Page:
Q&A with Langmeil

 1.What’s happening now in the vineyard at Langmeil? Having just gone past the shortest day of the year it is well and truly pruning season. Langmeil has around 75 acres of our own vines, some in the south, some in the middle of the Barossa Valley and some up in the high country of Eden Valley and now we get out and prune the vines getting them ready for the spring.

2.How are you preparing the vines for winter? Depending on the vineyard, normal winter preparation can be under vine weeding, in which we try and use older methods such as knifing which cuts through the soil and turns the weeds over, a little like spading off weeds like you would at home. In a lot of our vineyard we now have permanent grasses but in some cases we may also sow in a cover crop to help build organics.

3.What type of pruning do you abide by and why? This depends on the variety mainly, we Rod and Spur all of our old vine and most of our younger vine shiraz, while varieties like grenache and cabernet sauvignon, tend to be more permanent arm. We are also now looking at laying down new canes and only allowing to have a permanent arms for shorter periods, the aim being around five years.

4.Why is pruning so important? Pruning allows you to help manage the vines and more importantly the fruit and fruit quality. Often you look at the vine to see how vigorous each one is and you can prune to help to strengthen and also to help balance a vine out. Pruning helps to determine how many bunches you may get, which will determine, the size of the bunches, and the weight of the berries. If you feel it is going to be a dry year you may prune harder leaving less buds, or if you think it will be a wet year you may leave more. Pruning is also fundamental in shaping the vines and maintaining vine health. Often people prune looking at the year ahead, so pruning should always be focused on making the vine stronger and better for the next season.

5.How long does it take to prune your vines? As a small winery we try and manage the pruning with a small team and try and balance the work load throughout the whole season. We find the southern block always shots first so we try and prune this early, then the Tanunda block and then up to Eden Valley which is the last to shot.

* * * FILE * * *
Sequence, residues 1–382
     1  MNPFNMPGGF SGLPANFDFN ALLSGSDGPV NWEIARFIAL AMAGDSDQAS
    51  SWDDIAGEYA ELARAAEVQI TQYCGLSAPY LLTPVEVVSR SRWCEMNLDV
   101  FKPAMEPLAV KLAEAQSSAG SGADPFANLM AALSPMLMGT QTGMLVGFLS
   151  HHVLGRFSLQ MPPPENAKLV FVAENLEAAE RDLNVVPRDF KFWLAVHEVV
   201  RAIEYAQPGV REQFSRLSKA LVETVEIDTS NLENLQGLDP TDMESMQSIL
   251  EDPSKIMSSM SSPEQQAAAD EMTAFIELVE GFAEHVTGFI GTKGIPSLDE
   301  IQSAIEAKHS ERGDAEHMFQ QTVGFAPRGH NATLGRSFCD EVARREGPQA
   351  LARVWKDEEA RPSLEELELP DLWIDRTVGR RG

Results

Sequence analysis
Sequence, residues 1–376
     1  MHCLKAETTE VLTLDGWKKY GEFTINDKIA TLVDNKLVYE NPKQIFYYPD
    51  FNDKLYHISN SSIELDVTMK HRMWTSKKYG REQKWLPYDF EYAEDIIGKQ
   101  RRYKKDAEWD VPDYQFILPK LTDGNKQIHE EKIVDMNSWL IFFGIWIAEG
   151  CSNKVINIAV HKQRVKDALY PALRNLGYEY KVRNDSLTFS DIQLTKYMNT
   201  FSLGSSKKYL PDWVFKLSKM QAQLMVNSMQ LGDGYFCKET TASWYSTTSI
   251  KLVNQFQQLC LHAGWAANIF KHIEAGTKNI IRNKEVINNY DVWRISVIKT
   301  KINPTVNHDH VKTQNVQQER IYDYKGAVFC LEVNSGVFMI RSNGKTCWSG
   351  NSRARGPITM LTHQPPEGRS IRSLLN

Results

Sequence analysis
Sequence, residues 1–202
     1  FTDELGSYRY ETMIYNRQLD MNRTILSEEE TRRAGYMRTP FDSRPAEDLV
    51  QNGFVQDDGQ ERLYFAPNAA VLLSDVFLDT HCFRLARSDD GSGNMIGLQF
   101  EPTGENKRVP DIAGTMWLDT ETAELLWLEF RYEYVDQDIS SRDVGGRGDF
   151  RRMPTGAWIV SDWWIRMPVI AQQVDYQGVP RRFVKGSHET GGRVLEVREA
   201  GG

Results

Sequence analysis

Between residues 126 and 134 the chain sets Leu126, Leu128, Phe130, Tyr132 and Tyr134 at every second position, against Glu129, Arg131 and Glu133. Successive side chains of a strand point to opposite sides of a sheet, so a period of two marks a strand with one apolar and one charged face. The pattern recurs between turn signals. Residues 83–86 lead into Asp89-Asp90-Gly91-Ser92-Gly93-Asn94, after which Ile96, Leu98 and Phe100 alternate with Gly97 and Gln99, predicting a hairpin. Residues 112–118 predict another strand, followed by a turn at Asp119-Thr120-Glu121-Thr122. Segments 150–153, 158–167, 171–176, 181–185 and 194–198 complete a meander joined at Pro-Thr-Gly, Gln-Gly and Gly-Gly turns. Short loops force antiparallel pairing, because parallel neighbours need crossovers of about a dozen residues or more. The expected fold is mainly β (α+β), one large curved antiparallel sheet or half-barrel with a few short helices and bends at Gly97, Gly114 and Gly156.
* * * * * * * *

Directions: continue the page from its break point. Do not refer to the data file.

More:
6.What are the plans for July and August in the vineyard? As mentioned pruning is priority, we also look (as we do all year) at soil health and trellising, all the jobs you need to do while the vines are asleep for the winter months.

7.Do you ever go to Europe to do the vintage there? Some of the Langmeil crew have been lucky enough to do vintages abroad but mainly these have been in the USA. Every year we try and have internationals with experience do vintage with us at Langmeil. We are also lucky to travel the world when showcasing Langmeil wines through our distributors globally and with this we often share portfolios with many wineries from around the world. There’s also a sharing of knowledge and obviously a shared love for all things wine. It does not matter where you are from in the world we all do the same things come pruning time and we all share the same goals, doing our best to make great wines and sharing them with the world’s wine lovers and enjoying them around the dinner or lunch tables with family and friends.

The Freedom Vineyard Langmeil
The Freedom Vineyard Langmeil